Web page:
After a busy weekend, I have some time now to post, and that means part three of my commentary on potential persecution of Christians here in the United States. The question I want to examine briefly is the subject of resisting such persecution i.e. whether such resistance is justified in a biblical sense. It's a tough question — for me anyway.
One of the linchpins in this debate is the proper interpretation of Romans 13. Here is the specific passage in question . . .
Every person is to be in subjection to the governing authorities. For there is no authority except from God, and those which exist are established by God. Therefore whoever resists authority has opposed the ordinance of God; and they who have opposed will receive condemnation upon themselves. For rulers are not a cause of fear for good behavior, but for evil. Do you want to have no fear of authority? Do what is good and you will have praise from the same; for it is a minister of God to you for good. But if you do what is evil, be afraid; for it does not bear the sword for nothing; for it is a minister of God, an avenger who brings wrath on the one who practices evil. Therefore it is necessary to be in subjection, not only because of wrath, but also for conscience’ sake. For because of this you also pay taxes, for rulers are servants of God, devoting themselves to this very thing. Render to all what is due them: tax to whom tax is due; custom to whom custom; fear to whom fear; honor to whom honor. Owe nothing to anyone except to love one another; for he who loves his neighbor has fulfilled the law (Romans 13:1-8).
Some theologians interpret this passage to mean that believers are to submit to their governmental authorities no matter what, unless the authorities are trying to compel them to disobey God. Such an argument is compelling, especially when it is tied to how the Lord Jesus conducted Himself before the authorities, and how the Apostle Paul conducted himself when imprisoned. However, are the examples of Jesus and Paul appropriate examples, or are those examples merely an example of apples and oranges? Is this the only way to interpret this Romans passage?
Other theologians have a different view, and most of our Founding Fathers here in America had a different view. They focused on a logical syllogism within this passage — that a legitimate government is intended by God to be a terror to evildoers. But when the government ceases being a terror to evildoers and begins being a terror to the righteous, it is no longer a legitimate government and can be resisted in good conscience.
Another thing that makes this a difficult subject for me is understanding the principles on which this country was founded. In the days of Jesus and Paul, the Roman emperor was supreme and his word was law. Here in the United States, "we the people" are the final authority, at least under the constitutional system put together by the Founders. Our founding documents -- and especially the Declaration of Independence -- presuppose the right of a people to rise up and throw off tyranny. In our Constitution, the rights enumerated in the Bill of Rights were recognized as inherent, and not granted by government. These rights were viewed as being granted by God Himself, and could not lawfully be taken away by the government.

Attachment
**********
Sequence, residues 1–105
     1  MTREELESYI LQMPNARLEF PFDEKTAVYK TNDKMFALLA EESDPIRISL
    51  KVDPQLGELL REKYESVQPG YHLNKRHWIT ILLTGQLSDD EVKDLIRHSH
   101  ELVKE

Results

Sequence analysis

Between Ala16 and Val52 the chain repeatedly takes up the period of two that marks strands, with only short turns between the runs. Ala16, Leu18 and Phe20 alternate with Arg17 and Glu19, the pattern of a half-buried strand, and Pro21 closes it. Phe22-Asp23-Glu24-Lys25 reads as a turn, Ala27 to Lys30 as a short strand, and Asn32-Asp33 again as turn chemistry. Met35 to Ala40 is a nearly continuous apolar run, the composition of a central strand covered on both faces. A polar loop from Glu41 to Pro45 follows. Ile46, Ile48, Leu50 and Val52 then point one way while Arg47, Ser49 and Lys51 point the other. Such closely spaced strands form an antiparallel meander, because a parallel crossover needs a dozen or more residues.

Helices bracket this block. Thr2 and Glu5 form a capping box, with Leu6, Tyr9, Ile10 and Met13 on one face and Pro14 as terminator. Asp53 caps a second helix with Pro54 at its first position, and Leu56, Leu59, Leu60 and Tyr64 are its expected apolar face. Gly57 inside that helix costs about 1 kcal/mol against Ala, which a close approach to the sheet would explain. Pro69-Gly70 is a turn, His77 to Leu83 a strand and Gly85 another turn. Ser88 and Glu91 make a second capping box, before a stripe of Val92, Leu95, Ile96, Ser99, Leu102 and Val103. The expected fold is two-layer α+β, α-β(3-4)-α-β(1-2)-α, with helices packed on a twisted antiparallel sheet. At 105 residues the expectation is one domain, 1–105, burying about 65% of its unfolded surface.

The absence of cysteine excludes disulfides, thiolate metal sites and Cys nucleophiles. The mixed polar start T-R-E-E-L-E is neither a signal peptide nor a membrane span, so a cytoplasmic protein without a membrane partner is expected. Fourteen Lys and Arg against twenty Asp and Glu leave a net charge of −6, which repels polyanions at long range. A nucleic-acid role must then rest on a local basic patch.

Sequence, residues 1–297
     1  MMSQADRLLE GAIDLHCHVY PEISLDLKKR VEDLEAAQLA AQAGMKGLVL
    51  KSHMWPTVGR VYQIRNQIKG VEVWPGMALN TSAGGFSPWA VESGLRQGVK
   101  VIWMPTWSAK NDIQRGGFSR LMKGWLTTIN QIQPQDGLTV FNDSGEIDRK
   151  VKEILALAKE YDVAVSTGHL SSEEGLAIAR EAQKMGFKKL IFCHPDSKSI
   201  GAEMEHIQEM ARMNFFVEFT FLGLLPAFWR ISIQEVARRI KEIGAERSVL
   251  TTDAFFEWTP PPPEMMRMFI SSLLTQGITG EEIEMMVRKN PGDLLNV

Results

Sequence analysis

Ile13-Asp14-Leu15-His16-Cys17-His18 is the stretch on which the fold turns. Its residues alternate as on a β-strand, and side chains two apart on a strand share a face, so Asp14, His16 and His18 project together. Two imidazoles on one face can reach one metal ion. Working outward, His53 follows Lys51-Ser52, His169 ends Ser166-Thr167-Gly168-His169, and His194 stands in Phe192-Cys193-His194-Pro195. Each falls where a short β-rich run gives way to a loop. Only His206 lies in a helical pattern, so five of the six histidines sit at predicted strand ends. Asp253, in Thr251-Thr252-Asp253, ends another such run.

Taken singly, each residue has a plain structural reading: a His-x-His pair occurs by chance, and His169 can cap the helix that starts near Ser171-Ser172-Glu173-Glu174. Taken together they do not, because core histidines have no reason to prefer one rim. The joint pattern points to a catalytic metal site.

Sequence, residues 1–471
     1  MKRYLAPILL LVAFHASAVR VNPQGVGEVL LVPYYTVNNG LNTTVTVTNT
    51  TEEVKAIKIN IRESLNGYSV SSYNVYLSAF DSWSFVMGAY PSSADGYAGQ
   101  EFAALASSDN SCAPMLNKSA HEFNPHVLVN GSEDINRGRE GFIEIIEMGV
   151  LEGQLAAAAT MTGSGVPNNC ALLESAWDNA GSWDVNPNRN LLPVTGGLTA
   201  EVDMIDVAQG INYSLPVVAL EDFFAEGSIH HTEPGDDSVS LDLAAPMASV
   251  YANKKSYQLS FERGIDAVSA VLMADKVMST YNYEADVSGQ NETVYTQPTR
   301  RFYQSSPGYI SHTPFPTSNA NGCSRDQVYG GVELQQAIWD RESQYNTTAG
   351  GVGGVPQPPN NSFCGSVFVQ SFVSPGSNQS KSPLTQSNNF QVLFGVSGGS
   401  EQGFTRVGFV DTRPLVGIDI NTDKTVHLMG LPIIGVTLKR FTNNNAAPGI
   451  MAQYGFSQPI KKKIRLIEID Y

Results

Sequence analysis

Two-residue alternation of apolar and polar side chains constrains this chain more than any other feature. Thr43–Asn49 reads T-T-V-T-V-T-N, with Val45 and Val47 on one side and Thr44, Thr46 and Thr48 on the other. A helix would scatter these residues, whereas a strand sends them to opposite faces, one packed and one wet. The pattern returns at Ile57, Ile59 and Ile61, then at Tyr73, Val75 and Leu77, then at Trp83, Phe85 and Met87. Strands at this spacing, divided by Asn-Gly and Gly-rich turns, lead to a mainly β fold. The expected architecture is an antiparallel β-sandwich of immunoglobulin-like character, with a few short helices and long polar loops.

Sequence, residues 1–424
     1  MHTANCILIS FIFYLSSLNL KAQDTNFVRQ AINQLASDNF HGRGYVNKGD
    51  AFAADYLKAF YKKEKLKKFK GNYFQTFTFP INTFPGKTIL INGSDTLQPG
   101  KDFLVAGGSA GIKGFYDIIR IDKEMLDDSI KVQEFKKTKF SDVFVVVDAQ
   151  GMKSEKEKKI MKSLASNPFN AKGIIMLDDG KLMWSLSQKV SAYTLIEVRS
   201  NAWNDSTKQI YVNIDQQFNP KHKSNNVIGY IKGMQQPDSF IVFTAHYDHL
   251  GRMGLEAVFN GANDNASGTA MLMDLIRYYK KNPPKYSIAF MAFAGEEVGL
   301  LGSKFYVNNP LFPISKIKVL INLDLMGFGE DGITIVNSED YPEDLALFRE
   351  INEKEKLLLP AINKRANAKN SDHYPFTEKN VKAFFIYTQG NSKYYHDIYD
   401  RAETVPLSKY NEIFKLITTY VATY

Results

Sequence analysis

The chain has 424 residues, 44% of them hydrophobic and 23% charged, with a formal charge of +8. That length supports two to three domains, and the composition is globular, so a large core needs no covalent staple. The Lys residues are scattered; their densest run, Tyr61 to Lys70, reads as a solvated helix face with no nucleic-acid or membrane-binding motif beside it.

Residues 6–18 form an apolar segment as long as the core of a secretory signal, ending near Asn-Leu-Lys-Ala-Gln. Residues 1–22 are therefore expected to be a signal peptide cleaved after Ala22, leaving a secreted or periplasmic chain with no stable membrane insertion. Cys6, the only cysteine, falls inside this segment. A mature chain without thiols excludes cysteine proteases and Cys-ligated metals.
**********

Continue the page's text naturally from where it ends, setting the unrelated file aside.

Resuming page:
There was even a significant dispute over whether to include the Bill of Rights in the Constitution. Supporters of the Bill viewed it as necessary to codify these rights so they'd be spelled out for everyone to see. Opponents believed that if these rights were codified, they would be viewed as government-granted and subject to repeal. Both parties, however, agreed that these rights were inherent human rights and could not lawfully be taken away by government. I am afraid we have lost that notion today.
This debate takes some interesting twists and turns. Some of those who hold the earlier view of complete submission to government view the Spirit of 1776 as the spirit of rebellion, and that rebellion is as "the sin of divination" (1 Samuel 15:23). It's hard for me to take that harsh a view, because one of the things that prompted the Pilgrims to come here was their desire to worship God as their consciences dictated. By the time of the War of Independence, the chief concern had become economic, but there was still a spiritual concern over what the colonists believed to be tyranny. England was not innocent when it came to religious persecution, with "Bloody Mary" being a good example.
As you can see, this isn't an easy question. My emotional, gut reaction is to fight for the rights that so many have died to uphold. But my final position must not be driven by emotion. It must be driven by God's Word, illuminated by His Holy Spirit, and must result in glory and honor to the Lord. When it comes to persecution, will said persecution be for political beliefs, or will it be over religious, spiritual principles? Can the two be separated?
That's all for now. We'll keep exploring this subject in the days and weeks to come, although posts will not necessarily be in direct succession to each other.